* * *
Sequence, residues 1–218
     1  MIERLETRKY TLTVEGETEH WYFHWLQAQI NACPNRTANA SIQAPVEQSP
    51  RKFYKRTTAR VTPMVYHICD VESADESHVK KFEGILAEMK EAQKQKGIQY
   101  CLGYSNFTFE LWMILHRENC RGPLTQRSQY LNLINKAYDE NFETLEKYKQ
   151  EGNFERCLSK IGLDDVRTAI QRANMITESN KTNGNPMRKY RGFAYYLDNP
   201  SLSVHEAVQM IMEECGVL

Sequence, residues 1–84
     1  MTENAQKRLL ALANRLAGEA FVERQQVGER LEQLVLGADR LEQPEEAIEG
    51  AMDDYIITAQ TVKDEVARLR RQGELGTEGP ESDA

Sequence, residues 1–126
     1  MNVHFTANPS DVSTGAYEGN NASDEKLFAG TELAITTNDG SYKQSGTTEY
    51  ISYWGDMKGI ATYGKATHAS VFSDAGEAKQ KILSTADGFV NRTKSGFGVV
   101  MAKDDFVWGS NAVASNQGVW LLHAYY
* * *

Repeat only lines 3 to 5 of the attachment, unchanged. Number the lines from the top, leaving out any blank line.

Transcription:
    51  RKFYKRTTAR VTPMVYHICD VESADESHVK KFEGILAEMK EAQKQKGIQY
   101  CLGYSNFTFE LWMILHRENC RGPLTQRSQY LNLINKAYDE NFETLEKYKQ
   151  EGNFERCLSK IGLDDVRTAI QRANMITESN KTNGNPMRKY RGFAYYLDNP